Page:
I personally wouldn't rely on only maille as head protection on the field because it's great for protecting against slashes with sharp weapons (of which there should be none on the re-enactment battlefield) but it will not protect against a solid whack with a blunt object, which is pretty much what you want it for.

A maille-only head-protector (whatever we're going to call it) would be a good example of something that would work to some extent in a 'real life' situation (sharp weapons) and would have the advantage of not making you look as if you have a funny-shaped head, but would not do the only thing we want it to do on the re-enactment field: protect against blunt trauma.

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Re: Origin of the term'secret'

Postby Cap-a-pie » Wed Aug 10, 2011 9:38 am

oh yeah appreciate that, although this would not be maille only, we were talking of mixture of good solid padding along with this also. General feeling was that the head would look rather on the large side but it was an interesting thought. What sort of gauge secrets are folk using for this purpose, 16-14? Depending on the size of ring you can get quite a dense structure with maille. as i said it was just a thought, would certainly want to do some serious testing on this. Personally i always favour 14gauge on my head.


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Re: Origin of the term'secret'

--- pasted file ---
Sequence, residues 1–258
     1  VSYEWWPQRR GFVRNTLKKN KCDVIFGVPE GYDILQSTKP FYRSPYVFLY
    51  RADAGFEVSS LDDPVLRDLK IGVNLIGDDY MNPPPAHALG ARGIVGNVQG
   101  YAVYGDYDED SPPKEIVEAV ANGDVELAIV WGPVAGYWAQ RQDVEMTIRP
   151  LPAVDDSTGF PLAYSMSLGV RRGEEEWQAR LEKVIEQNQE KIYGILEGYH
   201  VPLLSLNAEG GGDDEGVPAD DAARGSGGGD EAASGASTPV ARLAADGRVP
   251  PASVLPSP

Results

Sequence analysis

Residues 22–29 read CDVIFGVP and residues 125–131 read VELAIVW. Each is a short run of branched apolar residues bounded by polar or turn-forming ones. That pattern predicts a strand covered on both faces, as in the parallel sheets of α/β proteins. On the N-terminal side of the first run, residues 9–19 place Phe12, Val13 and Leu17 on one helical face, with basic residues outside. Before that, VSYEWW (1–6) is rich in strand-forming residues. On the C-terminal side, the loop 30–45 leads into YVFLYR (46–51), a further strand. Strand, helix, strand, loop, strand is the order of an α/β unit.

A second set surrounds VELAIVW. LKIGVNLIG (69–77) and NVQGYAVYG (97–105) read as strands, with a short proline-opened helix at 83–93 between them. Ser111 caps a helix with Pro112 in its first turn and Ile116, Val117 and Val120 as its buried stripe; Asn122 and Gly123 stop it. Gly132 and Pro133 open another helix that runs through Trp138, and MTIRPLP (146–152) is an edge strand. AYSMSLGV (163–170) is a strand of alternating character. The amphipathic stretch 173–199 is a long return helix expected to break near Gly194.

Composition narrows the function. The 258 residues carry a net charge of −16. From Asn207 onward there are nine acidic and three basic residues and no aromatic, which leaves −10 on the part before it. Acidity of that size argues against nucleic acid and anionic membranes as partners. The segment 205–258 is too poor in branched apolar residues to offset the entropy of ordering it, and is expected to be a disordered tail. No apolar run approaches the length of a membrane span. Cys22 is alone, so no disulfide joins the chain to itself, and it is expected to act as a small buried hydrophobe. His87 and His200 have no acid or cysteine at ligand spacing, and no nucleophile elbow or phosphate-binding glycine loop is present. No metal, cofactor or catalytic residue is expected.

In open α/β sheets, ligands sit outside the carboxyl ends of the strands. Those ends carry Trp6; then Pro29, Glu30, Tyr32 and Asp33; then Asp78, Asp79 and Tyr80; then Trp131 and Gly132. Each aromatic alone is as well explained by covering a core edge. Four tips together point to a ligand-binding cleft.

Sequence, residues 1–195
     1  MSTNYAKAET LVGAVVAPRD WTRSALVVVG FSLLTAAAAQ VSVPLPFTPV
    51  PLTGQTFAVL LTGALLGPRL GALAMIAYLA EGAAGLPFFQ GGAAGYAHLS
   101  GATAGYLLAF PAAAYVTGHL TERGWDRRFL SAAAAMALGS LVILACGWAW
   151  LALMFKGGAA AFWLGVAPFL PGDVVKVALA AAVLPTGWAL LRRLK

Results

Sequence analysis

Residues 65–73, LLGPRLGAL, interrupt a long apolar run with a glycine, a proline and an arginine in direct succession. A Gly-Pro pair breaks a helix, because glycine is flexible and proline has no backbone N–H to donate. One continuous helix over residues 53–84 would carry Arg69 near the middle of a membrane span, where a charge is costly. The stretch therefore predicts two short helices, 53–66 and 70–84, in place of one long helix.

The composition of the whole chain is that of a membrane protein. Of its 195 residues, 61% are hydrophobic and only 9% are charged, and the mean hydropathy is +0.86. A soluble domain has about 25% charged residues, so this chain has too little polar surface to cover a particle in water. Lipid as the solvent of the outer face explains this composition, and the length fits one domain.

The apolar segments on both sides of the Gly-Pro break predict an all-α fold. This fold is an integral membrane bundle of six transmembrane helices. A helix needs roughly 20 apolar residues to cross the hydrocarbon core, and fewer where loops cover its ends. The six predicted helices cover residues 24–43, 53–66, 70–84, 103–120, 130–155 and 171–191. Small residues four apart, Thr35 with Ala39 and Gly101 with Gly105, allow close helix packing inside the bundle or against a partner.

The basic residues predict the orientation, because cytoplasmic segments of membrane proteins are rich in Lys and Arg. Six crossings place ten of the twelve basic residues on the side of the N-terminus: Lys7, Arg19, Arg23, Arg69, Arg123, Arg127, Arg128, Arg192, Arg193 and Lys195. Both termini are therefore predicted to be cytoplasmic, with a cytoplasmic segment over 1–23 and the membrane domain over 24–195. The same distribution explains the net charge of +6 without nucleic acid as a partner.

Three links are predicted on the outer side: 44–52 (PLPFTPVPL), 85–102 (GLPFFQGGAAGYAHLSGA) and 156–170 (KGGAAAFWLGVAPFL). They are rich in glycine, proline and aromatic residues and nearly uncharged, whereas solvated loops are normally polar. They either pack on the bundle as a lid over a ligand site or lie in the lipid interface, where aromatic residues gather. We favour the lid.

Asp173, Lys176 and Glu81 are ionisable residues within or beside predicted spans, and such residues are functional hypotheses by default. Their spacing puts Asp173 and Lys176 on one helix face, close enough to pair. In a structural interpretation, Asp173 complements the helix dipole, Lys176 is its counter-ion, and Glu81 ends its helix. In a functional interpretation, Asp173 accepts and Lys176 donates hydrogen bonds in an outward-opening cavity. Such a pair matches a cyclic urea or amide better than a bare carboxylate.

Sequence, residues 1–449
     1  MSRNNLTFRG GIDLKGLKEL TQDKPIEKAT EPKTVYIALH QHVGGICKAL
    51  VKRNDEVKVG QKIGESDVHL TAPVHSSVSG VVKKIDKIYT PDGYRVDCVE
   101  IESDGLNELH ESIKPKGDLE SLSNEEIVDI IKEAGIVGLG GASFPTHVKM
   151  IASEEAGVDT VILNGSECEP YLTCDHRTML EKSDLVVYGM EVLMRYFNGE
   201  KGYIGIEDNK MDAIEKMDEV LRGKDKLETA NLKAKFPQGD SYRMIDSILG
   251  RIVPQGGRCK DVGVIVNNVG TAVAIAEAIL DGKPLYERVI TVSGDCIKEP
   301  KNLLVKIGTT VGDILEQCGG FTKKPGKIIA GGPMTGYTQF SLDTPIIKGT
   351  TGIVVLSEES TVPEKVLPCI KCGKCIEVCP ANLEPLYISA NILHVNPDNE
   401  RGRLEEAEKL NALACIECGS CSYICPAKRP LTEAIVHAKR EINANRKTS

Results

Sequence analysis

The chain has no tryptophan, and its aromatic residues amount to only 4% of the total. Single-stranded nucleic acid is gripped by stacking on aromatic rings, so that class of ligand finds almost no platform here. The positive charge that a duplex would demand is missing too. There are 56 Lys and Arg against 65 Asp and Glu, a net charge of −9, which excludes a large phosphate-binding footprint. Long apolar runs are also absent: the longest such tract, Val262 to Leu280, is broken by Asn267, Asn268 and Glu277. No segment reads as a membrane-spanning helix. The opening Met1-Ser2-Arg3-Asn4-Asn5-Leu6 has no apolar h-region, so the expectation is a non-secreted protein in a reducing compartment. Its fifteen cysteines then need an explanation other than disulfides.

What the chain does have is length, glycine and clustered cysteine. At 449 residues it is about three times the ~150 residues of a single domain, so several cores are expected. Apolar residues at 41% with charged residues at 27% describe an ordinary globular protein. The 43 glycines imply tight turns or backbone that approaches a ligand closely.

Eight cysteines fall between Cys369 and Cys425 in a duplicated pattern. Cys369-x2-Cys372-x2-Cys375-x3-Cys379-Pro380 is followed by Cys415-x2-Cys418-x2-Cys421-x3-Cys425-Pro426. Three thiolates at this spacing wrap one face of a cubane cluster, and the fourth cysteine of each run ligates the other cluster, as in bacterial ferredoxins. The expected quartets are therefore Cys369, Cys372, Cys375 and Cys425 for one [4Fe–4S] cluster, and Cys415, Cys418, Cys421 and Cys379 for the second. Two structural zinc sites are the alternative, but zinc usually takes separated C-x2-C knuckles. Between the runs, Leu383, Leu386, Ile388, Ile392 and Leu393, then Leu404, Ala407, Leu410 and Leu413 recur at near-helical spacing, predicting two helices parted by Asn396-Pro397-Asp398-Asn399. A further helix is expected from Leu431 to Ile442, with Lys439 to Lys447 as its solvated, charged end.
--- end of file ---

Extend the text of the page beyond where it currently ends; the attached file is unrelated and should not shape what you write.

Postby X » Wed Aug 10, 2011 10:02 pm

14 gauge plate with some kind of shock-absorber under it. After all, if you break the head you were issued with, nobody is going to give you a new one.

Anything you wear on your head on the re-enactment battlefield needs to be something that will stand up to having something big and heavy dropped on it - of course nobody should be hitting people over the head (especially not non-combatants) but we all know that accidents happen. And when they do, clang is the noise you need to hear, not crunch-splat. Presumably this is why you see pictures of big tough Norman knights with maille everywhere else, but with a nice plate helmet on their heads.

Which brings us nicely back to the original topic, which was whether there was any evidence for a simple skullcap-type helmet being called a 'secret' during the fifteenth century.

I confess, I would like to know too.



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Re: Origin of the term'secret'

Postby Fox » Thu Aug 11, 2011 9:22 am

X wrote:Which brings us nicely back to the original topic, which was whether there was any evidence for a simple skullcap-type helmet being called a 'secret' during the fifteenth century.

Unless someone comes along with some new evidence [always possible]; I think we've covered that already.

X wrote:I confess, I would like to know too.

It's is an interesting linguistic curiostity.

X wrote:14 gauge plate with some kind of shock-absorber under it. After all, if you break the head you were issued with, nobody is going to give you a new one.

Anything you wear on your head on the re-enactment battlefield needs to be something that will stand up to having something big and heavy dropped on it - of course nobody should be hitting people over the head (especially not non-combatants) but we all know that accidents happen. And when they do, clang is the noise you need to hear, not crunch-splat.